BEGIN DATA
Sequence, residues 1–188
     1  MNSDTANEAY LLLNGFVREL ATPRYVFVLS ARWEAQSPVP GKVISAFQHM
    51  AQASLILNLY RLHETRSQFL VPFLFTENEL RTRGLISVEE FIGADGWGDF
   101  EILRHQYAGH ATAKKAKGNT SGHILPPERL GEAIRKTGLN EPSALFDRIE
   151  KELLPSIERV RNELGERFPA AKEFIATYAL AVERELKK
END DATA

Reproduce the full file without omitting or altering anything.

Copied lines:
Sequence, residues 1–188
     1  MNSDTANEAY LLLNGFVREL ATPRYVFVLS ARWEAQSPVP GKVISAFQHM
    51  AQASLILNLY RLHETRSQFL VPFLFTENEL RTRGLISVEE FIGADGWGDF
   101  EILRHQYAGH ATAKKAKGNT SGHILPPERL GEAIRKTGLN EPSALFDRIE
   151  KELLPSIERV RNELGERFPA AKEFIATYAL AVERELKK